‘Dogfight’ // Spotlight Theatrical Company

Dogfight’ was powerful.

Some of the best musicals ever written have war as the backdrop. Perhaps that’s because nothing makes humans feel emotion more keenly than when the things we love are about to be ripped away. Director of Spotlight Theatre Company’s newest production ‘Dogfight’, Josh McCann-Thomson, was not afraid to lean into the intensity of that feeling. With a team of incredible creatives and cast, McCann-Thomson created a production which left audiences feeling the full breadth and depth of this incredible musical.

Set in the 1960s, ‘Dogfight’ is a story about a group of marines the day before they leave for the Vietnam War. It’s a tradition amongst the marines to go into the streets, find the ugliest girl they can, invite her to a party and be in the running to win a wad of cash and gloating rights. However, things don’t go quite right for Eddie Birdlace when his ‘ugly girl’ turns out to be anything but.

From the moment the curtains opened, the technical mastery of this production was on display. All elements melded together seamlessly, with snappy lighting cues and a design which firmly supported the narrative on stage. Stand out moments from Lighting Designer, Jamie Watt was the effective interaction of set and light particularly in the bathroom scene. Watt used the transparent mesh on the set walls to create a visually dynamic scene which pulled the audience into the downstage area. Set transitions were perfectly masked with zoned lighting which allowed the action to continue on stage while set was struck.

The technical design of the production truly shone during the war scene at the end of the production. A barren stage was transformed into a battle field through the skills of Watt and Sound Designer Marcus Du Toit. Lighting cues signalled gun fire and bursts of red represented soldiers falling. The soundscape design supported the lighting design and added urgency and terror to the scene unfolding on stage. The stylised and cohesive choices from the creative team in this moment demonstrated the impact of collaborative technical efforts.

Set Design McCann-Thomson and Michael Sutton fully served the action on stage and allowed transitions to occur seamlessly. This was achieved through a number of rolling flats which were spun and repositioned to transform the space for each scene. Intimate moments such as bedroom scenes saw the flats rolled centre stage and directional lighting used to isolate the space. Larger ensemble numbers were still framed by the flats however they were pushed to the extremities of the stage.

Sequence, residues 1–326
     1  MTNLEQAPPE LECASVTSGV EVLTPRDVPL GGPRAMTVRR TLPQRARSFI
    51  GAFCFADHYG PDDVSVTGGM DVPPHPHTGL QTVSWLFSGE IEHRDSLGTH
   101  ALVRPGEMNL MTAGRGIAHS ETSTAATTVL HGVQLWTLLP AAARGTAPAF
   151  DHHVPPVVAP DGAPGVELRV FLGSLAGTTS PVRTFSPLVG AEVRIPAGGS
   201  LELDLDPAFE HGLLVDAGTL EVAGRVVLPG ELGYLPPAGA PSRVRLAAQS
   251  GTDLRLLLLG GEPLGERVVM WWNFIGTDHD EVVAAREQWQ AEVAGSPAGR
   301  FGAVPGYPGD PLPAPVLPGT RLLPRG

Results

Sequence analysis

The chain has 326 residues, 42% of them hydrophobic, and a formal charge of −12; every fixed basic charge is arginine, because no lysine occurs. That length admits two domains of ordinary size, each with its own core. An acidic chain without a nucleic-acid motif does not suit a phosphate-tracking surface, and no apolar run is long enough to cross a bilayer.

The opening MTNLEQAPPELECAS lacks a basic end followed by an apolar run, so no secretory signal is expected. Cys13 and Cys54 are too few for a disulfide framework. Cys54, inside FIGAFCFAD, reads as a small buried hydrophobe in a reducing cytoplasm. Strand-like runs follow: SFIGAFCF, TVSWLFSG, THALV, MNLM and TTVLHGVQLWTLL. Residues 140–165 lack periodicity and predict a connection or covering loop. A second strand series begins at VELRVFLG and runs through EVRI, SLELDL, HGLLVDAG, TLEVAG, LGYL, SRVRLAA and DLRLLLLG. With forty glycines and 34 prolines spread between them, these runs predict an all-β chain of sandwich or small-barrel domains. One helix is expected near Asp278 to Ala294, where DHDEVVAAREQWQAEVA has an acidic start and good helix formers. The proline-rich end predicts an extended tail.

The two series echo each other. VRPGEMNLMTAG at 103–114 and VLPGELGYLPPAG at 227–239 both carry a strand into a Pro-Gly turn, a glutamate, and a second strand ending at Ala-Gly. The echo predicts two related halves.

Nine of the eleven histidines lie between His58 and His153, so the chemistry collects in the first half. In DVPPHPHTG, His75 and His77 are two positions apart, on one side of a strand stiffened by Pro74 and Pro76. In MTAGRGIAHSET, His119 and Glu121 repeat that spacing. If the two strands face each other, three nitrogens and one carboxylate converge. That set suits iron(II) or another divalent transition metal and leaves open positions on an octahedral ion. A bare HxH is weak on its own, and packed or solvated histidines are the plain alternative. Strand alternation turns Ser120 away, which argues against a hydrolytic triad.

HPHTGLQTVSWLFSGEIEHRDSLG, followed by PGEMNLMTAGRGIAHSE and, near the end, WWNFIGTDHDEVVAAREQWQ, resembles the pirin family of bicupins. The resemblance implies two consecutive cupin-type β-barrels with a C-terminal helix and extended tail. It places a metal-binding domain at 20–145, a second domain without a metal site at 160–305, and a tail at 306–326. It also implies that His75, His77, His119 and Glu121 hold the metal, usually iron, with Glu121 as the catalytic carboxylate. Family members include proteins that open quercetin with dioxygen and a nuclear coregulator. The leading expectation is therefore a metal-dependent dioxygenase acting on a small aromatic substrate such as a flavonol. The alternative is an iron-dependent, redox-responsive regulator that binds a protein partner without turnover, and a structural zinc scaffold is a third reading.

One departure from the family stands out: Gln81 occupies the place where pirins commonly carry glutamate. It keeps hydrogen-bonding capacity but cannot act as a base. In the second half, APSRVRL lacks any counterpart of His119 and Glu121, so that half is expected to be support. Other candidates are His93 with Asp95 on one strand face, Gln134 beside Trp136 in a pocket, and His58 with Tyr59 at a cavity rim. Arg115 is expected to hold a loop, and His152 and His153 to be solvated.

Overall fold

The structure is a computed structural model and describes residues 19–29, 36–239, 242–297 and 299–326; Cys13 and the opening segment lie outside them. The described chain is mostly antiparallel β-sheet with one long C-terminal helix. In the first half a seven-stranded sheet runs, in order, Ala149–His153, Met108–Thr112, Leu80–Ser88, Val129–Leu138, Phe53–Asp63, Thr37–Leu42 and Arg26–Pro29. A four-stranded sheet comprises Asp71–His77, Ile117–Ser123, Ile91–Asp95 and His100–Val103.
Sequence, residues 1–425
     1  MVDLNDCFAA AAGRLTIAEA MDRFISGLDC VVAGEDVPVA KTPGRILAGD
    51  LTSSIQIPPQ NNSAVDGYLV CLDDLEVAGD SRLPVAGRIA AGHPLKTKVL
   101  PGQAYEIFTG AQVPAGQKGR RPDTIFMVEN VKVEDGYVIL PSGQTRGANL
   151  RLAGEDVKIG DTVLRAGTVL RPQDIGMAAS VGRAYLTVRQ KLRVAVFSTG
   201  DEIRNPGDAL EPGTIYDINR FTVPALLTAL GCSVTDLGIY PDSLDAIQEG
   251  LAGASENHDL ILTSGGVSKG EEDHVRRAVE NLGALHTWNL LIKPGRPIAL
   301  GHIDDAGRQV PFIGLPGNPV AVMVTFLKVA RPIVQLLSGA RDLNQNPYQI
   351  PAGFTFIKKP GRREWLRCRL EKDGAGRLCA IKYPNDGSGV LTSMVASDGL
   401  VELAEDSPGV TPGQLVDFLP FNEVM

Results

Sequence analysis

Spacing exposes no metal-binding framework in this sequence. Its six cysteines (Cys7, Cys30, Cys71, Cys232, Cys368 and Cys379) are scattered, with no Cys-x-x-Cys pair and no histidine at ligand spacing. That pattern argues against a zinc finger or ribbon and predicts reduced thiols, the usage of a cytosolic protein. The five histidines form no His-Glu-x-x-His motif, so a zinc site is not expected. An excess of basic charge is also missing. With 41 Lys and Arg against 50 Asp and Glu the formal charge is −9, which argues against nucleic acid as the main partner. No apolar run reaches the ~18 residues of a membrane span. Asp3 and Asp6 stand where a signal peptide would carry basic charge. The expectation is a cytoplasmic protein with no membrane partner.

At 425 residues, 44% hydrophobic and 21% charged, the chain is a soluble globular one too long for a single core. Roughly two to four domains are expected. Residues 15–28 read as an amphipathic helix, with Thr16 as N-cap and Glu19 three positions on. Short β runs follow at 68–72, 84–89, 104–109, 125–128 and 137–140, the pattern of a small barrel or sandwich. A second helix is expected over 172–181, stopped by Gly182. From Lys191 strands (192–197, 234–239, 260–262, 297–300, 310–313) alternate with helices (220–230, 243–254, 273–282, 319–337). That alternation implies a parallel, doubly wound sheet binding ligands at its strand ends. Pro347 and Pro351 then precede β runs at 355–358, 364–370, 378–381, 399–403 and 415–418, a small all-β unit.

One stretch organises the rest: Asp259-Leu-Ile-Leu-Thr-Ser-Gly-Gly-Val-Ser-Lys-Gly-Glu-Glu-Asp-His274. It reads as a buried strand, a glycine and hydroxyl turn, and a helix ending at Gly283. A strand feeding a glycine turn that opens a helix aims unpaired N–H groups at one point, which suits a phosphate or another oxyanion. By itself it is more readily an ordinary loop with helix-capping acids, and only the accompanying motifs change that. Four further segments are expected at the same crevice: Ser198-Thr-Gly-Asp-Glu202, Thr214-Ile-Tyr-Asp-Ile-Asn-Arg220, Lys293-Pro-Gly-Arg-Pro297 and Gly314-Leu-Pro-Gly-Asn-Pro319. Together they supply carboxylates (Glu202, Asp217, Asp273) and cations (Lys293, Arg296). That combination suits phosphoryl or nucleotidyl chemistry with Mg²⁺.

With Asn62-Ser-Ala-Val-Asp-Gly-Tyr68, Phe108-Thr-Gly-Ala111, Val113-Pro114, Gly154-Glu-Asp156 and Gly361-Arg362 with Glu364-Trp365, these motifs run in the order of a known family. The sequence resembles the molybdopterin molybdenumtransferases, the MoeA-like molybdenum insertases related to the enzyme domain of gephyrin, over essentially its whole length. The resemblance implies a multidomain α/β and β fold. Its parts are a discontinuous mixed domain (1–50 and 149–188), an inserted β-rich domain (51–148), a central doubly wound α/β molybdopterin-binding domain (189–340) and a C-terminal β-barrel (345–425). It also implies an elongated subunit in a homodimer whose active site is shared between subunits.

However, the set piece which made the audience gasp was the revolving stage. This centre platform further aided set transitions and created interesting and stylised blocking opportunities. ‘First Date, Last Night’ took place on the revolve as Rose and Eddie discover their fondness for each other. McCann-Thomson did a great job of playing with proximity as the pair’s affection grows throughout the number.

Costumes, wigs and makeup design by Millie Talbot and their team firmly rooted the narrative in the early 60s and brought larger than life costumes to the Spotlight stage. There was a lot of play amongst the ensemble costumes in the Dogfight scene and the caricature nature of the ‘ugly girls’ was thoroughly supported by their costumes. Super Swing, Chloe Smith’s downtrodden ‘ugly girl’ was hysterical and demonstrated the winning combination of costume, hair and makeup design and skilled comedic acting.

McCann-Thomson’s background in Contemporary Theatre shines in this production through his consistent stylistic choices and understanding of space. For a production with quite heavy subject matter, McCann-Thomson handled pacing with skill, ensuring that the action continued moving forward while allowing his actor’s space and permission to be still.